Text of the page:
About Pyramid

About Pyramid Clubs

‘Pyramid has had a positive effect on the quiet, withdrawn children in our school. It has made a real difference to their self confidence and the way they interact with other pupils and adults, resulting in noticeably higher standards in their school work.’ Headteacher, Ysgol Y Graig, Anglesey

Developed in the 1970s in the UK, Pyramid clubs for children offer a therapeutic group-work early intervention for children aged 7-14.  Normally run as a targeted after-school club in order to minimise stigma and make it accessible to the widest number of children, the clubs run for ten weeks for 1.5 hours a week, offering a developmental journey for those children who internalise their difficulties and are showing early signs of mental health problems such as social withdrawal, somatic disorders, depression and anxiety.

Theoretical basis

Pyramid clubs have been developed using concepts from two key psychological models: cognitive psychology and positive psychology. The clubs offer children and young people an experiential model of learning about and developing strategies for managing their thoughts and feelings in a supportive environment. Research by Schiffer on the needs of latency-age children and by Kolvin on the value of short-term therapeutic groups for children at risk, both in the 1970s, led to the development of the Pyramid model initially. Pyramid adopts early-intervention principles, working with children at the early signs of problems developing, rather than waiting for full-blown mental health difficulties to develop.


Since 2004, when statistics were more comprehensively collected, over 33,000 have attended Pyramid clubs across England, Wales and Northern Ireland, supported by over 8,000 club leaders. Pyramid was one of the interventions included in the guidance on suitable Children’s Fund projects when that fund was introduced in England in 2000 as a means of targeting vulnerable children, and many areas running the Targeted Mental Health in Schools project (TaMHS) from 2008-11 also introduced or funded local Pyramid projects. Since its introduction, Pyramid has run at some point in 48 local authority areas in England, ten in Wales and across most of Northern Ireland. Pyramid is run on an authority-wide basis in Cardiff, Cornwall, Slough, Bracknell Forest, Rochdale and Lincolnshire among others.

What are Pyramid clubs?

When and where do Pyramid clubs run?

How do Pyramid clubs help children and young people?

Can Pyramid help parents?

How did Pyramid club start?

What are Pyramid clubs?

Pyramid clubs are specially designed for children in schools who are quiet, shy, anxious, isolated, withdrawn or finding it difficult to make friends. They operate as a group based early intervention which provides children with a fun, positive experience, in a group, with lots of new experiences and chances to develop friendships. Pyramid clubs:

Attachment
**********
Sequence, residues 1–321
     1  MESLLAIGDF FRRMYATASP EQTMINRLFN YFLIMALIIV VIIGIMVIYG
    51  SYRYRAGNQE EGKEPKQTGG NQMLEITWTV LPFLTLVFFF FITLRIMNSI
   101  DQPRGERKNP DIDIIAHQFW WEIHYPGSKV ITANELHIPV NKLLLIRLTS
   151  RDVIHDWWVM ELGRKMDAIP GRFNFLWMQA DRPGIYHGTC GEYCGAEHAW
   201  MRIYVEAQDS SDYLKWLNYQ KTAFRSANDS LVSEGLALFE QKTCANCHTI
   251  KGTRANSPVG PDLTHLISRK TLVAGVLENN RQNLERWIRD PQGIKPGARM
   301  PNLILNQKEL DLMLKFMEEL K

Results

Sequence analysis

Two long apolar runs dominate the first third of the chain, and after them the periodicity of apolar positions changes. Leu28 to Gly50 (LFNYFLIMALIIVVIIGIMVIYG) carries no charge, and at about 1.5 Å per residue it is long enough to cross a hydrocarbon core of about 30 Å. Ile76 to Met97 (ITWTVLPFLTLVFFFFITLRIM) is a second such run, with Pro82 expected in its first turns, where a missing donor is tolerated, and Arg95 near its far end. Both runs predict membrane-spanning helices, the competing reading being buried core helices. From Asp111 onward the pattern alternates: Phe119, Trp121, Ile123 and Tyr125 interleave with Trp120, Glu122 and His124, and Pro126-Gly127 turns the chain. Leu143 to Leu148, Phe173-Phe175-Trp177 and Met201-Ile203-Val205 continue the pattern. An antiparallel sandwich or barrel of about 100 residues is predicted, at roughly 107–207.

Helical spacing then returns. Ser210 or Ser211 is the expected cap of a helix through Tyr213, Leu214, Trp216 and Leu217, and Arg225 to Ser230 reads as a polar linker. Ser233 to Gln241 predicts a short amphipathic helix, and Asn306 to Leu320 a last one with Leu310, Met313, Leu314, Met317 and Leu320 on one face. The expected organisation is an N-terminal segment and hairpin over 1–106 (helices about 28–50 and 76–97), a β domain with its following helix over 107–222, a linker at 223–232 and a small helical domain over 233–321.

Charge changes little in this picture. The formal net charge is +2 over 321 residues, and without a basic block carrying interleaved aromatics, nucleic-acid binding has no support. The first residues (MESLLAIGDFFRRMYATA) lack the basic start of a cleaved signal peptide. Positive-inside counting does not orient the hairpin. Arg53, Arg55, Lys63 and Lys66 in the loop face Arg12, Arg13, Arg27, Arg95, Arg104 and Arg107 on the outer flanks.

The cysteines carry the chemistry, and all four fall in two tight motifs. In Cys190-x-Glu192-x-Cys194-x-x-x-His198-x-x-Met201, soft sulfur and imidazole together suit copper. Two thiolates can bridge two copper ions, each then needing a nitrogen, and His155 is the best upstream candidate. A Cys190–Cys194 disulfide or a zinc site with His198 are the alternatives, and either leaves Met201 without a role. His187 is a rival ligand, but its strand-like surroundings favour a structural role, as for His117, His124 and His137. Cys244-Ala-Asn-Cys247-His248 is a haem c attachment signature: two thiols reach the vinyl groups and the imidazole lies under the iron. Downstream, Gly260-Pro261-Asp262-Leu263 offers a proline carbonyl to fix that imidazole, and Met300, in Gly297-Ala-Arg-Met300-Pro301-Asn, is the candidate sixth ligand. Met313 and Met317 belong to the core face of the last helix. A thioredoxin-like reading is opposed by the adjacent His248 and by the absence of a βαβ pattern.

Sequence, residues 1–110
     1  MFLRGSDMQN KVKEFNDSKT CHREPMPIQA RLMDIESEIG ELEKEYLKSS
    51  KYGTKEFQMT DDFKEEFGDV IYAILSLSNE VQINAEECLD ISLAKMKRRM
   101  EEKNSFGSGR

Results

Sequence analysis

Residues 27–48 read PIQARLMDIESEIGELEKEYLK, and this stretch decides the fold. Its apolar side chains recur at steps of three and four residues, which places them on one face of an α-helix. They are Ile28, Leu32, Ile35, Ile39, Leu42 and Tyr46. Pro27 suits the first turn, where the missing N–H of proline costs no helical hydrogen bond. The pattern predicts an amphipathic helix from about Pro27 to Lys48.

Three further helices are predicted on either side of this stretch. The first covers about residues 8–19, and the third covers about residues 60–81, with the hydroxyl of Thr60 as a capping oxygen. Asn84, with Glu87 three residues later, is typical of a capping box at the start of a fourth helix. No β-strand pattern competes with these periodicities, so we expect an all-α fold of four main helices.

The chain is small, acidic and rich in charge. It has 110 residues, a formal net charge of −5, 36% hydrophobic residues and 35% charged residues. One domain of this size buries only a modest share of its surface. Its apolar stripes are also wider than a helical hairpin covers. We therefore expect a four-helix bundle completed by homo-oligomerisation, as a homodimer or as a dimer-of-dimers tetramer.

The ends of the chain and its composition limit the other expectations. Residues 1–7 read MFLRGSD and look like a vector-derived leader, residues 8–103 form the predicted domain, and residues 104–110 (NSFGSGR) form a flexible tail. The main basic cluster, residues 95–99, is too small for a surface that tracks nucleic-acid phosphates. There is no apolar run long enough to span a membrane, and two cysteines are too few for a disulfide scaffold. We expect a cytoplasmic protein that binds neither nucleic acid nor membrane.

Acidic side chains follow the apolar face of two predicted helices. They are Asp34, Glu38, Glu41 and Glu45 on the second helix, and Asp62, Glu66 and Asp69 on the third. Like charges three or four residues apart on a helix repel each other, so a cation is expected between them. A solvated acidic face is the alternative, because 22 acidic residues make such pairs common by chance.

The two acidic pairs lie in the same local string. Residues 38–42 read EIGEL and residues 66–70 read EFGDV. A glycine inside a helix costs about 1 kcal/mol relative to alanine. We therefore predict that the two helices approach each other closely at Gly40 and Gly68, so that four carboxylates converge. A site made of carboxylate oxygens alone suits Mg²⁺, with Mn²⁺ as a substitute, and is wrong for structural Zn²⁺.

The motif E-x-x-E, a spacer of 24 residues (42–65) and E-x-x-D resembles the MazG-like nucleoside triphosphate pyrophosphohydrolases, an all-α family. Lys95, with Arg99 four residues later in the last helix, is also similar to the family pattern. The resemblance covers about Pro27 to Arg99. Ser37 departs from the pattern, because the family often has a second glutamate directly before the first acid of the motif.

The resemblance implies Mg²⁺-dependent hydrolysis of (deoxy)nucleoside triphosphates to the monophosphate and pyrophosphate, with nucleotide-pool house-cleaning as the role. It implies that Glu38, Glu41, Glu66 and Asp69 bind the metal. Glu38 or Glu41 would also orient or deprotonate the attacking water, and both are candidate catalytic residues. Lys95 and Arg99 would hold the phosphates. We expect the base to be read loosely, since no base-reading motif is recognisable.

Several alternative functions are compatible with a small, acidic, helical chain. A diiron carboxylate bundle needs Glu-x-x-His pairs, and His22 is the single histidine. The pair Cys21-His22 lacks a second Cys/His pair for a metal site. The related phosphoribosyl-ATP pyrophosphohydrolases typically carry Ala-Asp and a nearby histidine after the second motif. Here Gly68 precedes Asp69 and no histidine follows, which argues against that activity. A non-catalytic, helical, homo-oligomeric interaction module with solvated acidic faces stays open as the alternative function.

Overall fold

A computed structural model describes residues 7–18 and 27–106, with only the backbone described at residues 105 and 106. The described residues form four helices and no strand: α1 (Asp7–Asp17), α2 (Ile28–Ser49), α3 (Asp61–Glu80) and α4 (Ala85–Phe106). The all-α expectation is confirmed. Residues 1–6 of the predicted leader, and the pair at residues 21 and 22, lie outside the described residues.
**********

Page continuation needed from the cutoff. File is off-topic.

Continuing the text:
• involve fun games, cooking, circle time discussion and art and craft activities.
  • enable children and young people to deal better with the difficulties they face and avoid developing more serious mental health problems
  • reduce disengagement and promote participation in learning, thereby maximising attainment
  • are run by fully trained, often volunteer, club leaders.

When and where do Pyramid clubs run?

Pyramid clubs usually run on a school site but can be run within the community. Pyramid clubs:

  • run after school for an hour and a half
  • take place once a week for ten weeks during the school term.
  • run in primary schools, either at the transition to key stage 2 or at the end of primary to prepare children for the move to secondary schools (transition clubs)
  • also run in secondary schools.
  • operate in over 40 local authority areas across the UK.

How do Pyramid clubs help children and young people?

Many children and young people who experience social and emotional problems internalise their difficulties and often struggle to build friendships. Pyramid is a well-established, cost-effective and extensively evaluated early intervention model of working with quiet, shy, withdrawn or anxious children.

The outcomes for children and young people attending Pyramid clubs have been identified as:

  • improved self-esteem
  • improved self-awareness and awareness of impact on others
  • improved locus of control (internal rather than external) leading to better self-motivation and participation
  • better peer relationships
  • improved relationships with adults
  • increased resilience through the development of coping skills and problem-solving ability
  • development of key skills in emotional regulation and self-soothing
  • improved school attainment through reduced anxiety, a more positive attitude towards school, better attendance and more participation in class.

Can Pyramid help parents?

In addition to clubs for children, Pyramid also offers a complementary or standalone model of support for parents/carers through our Pyramid for Parent programme.  

For more information visit the Pyramid for Parents section.

How did Pyramid clubs start?

Pyramid was initially developed by Kay FitzHerbert, a social worker on an Educational Priority Area project attached to a high school and its feeder primaries in the London borough of Ealing, in the 1970s. Two key elements of the Pyramid model are now in the forefront of national thinking – children’s emotional well-being and multi-agency working – and Pyramid continues to prosper as a result.

In 2007 the Pyramid project became a part of ContinYou.

Starting Pyramid

To find out how to set up Pyramid in your area, and the benefits to children and schools, look at our pages on How Pyramid works or download our flyer:

PDF imagePyramid flyer

Pyramid video

Take a look at our Pyramid video to find out what parents, children and teachers think about Pyramid.


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